Impossible as it may be to fathom from the perspective of today, as late as the 1960s, it was not easy for a woman to find a decent pair of trousers. Perhaps because the thinking of the time was that decent women simply didn’t wear trousers. Resourceful and style-savvy ladies seeking alternatives to the dresses, skirts, and blouses that social mores prescribed to them, pillaged the menswear department, where the expertly tailored clothes were designed to exude authority. As Tom Ford has astutely observed, a suit is armor.
There were well-known historical precedents for this sort of cross- dressing, of course. In the early 15th century, Joan of Arc, a woman in need of sartorial armor if there ever were one, adopted the uniform of a soldier to protect herself from the company of men. But while not all women who wore pants were burned at the stake for doing so, those who dared exude independence, even if only sartorially, posed an undeniable threat to the status quo.
Eventually, forward-thinking fashion designers took up the crusade. Yves Saint Laurent was among the first to offer women a proper pantsuit. “I wanted women to have the same basic wardrobe as a man,” he explained. “Blazer, trousers and suit. They’re so functional. I believed women wanted this and was right.” Nevertheless, in 1968, when Nan Kempner showed up at La Cote Basque in New York wearing a first generation Saint Laurent Le Smoking, she was stopped at the door for being inappropriately attired. Kempner famously removed her trousers and walked through the restaurant to her table wearing only the jacket. Somehow a barely crotch grazing “tunic” was acceptable where a pantsuit was not. Go figure.
But why shouldn’t a woman dress more like a man? That question remains as valid today as it was in 1431. Even a confirmed avant- gardist like Rei Kawakubo, whose cerebral designs are often miles away from anything we might remotely recognize as a jacket and a pair of pants, concedes that “the basics of clothing lie in men’s fashion.” That she decided to call the fashion label she established in Tokyo in 1973 Comme des Garçons is not incidental.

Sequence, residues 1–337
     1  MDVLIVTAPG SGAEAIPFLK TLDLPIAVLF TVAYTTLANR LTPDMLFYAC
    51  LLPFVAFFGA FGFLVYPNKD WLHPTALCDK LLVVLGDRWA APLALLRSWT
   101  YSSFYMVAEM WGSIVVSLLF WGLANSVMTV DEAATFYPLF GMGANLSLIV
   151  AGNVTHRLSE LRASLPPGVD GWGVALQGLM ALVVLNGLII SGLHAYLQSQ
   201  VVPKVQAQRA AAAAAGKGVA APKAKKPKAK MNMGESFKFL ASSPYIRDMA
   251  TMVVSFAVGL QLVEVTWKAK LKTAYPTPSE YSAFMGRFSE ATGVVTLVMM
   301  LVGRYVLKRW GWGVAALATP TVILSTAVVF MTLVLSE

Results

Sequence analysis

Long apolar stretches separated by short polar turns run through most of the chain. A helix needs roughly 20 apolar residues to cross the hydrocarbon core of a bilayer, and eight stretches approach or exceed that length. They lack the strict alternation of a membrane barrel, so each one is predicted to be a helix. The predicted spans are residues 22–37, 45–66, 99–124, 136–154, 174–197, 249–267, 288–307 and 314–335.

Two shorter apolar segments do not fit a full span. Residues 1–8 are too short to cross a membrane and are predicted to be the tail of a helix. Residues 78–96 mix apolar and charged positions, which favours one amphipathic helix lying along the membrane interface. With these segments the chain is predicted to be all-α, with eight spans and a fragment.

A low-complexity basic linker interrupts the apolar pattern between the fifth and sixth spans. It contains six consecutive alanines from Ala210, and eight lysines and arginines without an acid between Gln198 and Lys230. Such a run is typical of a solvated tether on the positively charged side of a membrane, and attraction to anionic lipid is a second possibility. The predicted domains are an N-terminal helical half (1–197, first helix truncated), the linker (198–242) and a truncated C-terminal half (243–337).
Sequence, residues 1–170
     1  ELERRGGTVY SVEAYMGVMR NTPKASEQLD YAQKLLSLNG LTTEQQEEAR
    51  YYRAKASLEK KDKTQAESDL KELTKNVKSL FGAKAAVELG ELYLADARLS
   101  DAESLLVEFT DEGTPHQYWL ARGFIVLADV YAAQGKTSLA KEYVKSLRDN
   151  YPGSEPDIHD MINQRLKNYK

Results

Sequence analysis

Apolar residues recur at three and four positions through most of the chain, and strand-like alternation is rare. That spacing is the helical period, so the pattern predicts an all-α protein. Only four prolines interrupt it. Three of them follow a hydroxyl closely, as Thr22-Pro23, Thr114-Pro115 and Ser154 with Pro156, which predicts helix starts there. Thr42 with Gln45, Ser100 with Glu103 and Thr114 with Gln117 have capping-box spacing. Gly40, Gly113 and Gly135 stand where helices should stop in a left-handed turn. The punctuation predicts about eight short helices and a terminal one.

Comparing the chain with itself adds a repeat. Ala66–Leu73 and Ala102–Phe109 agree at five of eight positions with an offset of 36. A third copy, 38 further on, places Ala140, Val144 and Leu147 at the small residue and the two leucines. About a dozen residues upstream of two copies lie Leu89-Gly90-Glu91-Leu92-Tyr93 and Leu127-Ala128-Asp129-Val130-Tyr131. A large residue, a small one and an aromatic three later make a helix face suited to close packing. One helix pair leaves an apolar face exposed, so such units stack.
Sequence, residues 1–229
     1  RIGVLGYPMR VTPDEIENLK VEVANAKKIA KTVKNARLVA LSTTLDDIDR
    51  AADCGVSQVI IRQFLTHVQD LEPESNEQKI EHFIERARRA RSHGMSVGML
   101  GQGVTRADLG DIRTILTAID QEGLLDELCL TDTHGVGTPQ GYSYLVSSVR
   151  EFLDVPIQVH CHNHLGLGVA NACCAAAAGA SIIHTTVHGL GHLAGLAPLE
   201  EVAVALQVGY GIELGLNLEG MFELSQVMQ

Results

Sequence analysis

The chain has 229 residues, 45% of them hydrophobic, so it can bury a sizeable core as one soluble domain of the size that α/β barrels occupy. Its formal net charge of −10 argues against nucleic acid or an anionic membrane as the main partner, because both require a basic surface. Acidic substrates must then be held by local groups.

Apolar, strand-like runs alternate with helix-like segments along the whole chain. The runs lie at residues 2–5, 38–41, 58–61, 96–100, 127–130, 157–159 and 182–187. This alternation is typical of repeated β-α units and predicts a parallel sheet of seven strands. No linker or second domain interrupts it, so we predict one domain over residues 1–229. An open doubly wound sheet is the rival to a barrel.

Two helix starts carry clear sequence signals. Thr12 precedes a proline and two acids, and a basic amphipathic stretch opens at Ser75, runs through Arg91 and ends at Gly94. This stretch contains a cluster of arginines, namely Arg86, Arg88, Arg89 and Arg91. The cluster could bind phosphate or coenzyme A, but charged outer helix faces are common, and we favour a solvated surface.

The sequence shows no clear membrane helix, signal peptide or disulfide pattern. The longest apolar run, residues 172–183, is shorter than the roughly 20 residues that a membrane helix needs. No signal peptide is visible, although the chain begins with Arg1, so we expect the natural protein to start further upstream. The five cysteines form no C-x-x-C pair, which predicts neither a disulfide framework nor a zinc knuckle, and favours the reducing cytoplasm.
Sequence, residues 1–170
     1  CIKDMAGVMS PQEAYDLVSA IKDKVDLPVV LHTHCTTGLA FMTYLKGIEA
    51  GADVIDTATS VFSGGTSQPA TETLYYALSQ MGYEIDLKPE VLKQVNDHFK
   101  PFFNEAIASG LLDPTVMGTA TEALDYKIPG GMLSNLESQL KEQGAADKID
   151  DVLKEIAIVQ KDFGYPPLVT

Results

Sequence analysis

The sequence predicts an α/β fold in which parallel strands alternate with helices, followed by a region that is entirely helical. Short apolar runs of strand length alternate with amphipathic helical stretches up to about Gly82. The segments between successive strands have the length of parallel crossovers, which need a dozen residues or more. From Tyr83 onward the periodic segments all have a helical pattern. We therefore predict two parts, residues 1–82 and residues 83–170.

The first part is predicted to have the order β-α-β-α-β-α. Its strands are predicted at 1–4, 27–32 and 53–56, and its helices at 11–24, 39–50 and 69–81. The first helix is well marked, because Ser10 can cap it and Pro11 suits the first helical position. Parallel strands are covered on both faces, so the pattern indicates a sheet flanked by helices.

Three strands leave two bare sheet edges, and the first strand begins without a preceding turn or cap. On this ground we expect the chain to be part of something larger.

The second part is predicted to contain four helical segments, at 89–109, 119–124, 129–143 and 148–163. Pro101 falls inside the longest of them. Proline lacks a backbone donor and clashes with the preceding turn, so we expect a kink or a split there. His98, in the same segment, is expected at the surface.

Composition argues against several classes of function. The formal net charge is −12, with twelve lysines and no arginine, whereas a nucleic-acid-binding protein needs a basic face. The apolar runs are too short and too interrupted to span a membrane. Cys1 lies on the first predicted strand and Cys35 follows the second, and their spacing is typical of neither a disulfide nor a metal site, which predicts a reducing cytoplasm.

And this is where the HommeGirl Comes in.
A loose collective of disparate fashion die-hards have latched on to this idea during what seems to be a moment of turmoil. Fashion is on the verge of becoming just another form of entertainment, one more thing to distract us from the realities of daily life. We are dressing to have our pictures taken— something we all learned from the Red Carpet— only now, thanks to social media, we are both photographer and subject. And less our followers get bored, we are swiping through our closets with reckless abandon. If young people would rather rent their wardrobes than invest in them, maybe it’s because few designers these days are offering up anything that merits more than a one night stand. Where are the real clothes? And where are the women who know how to dress in a way we admire?
Wearing fashion, it can be argued, requires only money. Wearing clothes demands style. And, we’d like to point out, it also takes balls. When Katharine Hepburn, the patron saint of homme/girls, was informed that trousers were not permitted in the lobby of Claridge’s, where she was staying while on a press tour for The African Queen, she opted to use the hotel’s staff entrance instead. Hepburn was not about to give up her pants, and not for reasons you might expect. As she told her biographer, there was a phase in her childhood where she wished she was a boy because she assumed that boys had more fun.
The HommeGirl has it both ways.
There is a boy in every girl, an homme in every woman. Dressing like a man doesn’t disguise a woman’s femininity—it ignites it. “The more a woman hides and abandons her femininity, the more it emerges from the very heart of her existence,” Yohji Yamamoto has said. “A pair of brilliantly cut cotton trousers can be more beautiful than a gorgeous silk gown.”
We could not agree more.